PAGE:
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I have a greyscale photograph that I want to partition into areas of equal intensity. This means, that the integral over each partition should be (roughly) equal. There is no unique solution to this problem, but although I have some ideas on how to implement it, I am looking for any effective solutions for bitmap input.


Let f be my signal, and g it's strictly positive, "padded" version:

f[x_] = 0.2 Cos[5 x] + Sin[x];
const = First[Minimize[f[x], {x}]];
g[x_] := 0.1 + f[x] - const;
G[x_] = Integrate[g[s], {s, 0, x}];

My signal is now of total intensity

max = G[4 π];

and I can divide my y-axis into equal segments

k = 20;
sols = Table[FindRoot[G[x] - y == 0, {x, y}], {y, Range[0, max, max/(k - 1)]}];

and by intersecting these segments with my integral curve, I can project to the x-axis and get my desired intervals:

  Plot[{g[x], G[x]}, {x, 0, 4 π}, PlotStyle -> {{Thick, Green}, Red}],
  Graphics[Point[{#, G[#]}] & /@ (x /. sols)],
  Graphics[Line[{{0, G[#]}, {#, G[#]}, {#, 0}} & /@ (x /. sols)]]

Which gives me

Mathematica graphics


I can imagine that this method generalises to 2D, but it is unclear how to implement it. Also, a big penalty comes from attempts at interpolating the image.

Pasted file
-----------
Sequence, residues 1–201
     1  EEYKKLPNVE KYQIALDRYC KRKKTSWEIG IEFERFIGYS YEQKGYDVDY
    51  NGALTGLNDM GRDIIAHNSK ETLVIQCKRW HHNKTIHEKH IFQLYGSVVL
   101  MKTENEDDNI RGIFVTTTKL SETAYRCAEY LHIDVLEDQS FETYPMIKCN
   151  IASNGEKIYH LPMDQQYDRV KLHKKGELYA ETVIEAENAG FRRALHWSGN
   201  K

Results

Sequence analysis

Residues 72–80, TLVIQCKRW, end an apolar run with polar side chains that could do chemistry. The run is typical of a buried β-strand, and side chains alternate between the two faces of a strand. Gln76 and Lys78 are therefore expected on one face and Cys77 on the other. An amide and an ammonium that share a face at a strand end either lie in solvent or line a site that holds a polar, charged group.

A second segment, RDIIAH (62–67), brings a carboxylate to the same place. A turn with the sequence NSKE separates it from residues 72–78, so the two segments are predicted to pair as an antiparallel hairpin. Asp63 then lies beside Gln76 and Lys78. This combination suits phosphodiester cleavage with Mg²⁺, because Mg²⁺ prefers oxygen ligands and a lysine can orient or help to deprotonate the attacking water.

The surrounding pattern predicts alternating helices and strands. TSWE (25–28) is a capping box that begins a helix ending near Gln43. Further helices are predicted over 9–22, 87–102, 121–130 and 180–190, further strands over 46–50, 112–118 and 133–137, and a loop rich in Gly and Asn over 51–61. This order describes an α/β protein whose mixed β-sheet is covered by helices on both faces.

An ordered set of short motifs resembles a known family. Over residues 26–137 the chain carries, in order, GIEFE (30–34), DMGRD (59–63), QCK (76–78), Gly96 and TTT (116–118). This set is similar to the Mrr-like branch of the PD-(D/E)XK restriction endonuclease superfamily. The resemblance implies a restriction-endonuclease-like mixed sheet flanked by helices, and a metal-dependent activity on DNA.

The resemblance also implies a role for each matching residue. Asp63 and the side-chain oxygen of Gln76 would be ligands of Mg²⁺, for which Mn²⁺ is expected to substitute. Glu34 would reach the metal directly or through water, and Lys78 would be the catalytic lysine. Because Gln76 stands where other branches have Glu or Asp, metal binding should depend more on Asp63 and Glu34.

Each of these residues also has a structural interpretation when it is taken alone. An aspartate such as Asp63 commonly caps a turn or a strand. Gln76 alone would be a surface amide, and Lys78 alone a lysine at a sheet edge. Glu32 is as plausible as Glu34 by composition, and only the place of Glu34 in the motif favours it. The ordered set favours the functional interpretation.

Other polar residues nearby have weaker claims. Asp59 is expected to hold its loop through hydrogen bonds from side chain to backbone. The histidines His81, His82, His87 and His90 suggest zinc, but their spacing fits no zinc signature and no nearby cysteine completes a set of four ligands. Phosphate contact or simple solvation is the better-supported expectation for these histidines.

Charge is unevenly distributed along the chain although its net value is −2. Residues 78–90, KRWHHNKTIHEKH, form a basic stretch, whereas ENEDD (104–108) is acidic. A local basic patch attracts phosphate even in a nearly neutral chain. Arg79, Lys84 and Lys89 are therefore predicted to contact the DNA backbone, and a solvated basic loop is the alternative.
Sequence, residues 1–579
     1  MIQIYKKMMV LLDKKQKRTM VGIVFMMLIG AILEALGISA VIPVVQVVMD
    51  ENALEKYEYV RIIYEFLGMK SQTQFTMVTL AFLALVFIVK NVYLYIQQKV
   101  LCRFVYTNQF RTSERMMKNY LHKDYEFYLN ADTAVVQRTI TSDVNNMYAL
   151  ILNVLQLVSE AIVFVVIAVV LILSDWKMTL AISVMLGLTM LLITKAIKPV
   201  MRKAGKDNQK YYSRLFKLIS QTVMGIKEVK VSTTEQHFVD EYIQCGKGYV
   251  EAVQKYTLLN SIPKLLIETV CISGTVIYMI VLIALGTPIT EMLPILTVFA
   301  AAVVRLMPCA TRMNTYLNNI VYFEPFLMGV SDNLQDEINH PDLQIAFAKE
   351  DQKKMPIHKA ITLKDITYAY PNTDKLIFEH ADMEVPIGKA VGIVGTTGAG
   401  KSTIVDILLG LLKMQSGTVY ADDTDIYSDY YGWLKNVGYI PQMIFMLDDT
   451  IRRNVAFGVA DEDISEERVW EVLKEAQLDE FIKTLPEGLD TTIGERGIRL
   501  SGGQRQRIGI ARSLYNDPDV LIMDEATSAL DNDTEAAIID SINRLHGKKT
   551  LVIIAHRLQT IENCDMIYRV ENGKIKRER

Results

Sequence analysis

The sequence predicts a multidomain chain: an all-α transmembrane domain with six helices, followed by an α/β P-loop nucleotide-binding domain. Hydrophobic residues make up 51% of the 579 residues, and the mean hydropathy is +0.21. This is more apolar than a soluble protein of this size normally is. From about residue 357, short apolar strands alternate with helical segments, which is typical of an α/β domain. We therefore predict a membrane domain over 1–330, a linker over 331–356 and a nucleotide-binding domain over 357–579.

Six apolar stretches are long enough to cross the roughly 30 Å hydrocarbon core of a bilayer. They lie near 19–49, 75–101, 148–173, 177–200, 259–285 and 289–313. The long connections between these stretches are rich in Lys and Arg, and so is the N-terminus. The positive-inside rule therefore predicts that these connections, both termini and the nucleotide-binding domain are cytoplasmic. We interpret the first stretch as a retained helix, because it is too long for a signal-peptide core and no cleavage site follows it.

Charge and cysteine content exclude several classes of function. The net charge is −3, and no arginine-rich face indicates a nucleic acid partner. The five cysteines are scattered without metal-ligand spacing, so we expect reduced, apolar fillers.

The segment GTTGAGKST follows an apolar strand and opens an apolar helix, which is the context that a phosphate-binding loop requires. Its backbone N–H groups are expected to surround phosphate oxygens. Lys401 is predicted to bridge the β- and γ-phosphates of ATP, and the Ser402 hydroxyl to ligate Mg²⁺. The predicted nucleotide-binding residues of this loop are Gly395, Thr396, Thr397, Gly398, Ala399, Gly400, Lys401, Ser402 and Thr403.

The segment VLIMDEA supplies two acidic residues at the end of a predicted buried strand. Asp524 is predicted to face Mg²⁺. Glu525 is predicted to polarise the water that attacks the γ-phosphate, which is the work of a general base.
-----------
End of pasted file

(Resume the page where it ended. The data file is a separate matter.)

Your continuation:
Another idea is to use Sasha's solution for sampling a probability distribution (in my case, the image itself):

RandomVariate from 2-dimensional probability distribution

Thereafter one can generate the Voronoi-diagram for the sample. However, I have been unable to create a feasible solution using this method as well.

It seems to me, that this is a problem better approached by a combination of image processing algorithms. After all, all my input is, is a bitmap. However, after researching this, I could not find a previous description of the problem (or a solution for that matter) in any of the image-processing communities.


  1. Does this problem have an actual name in the community already?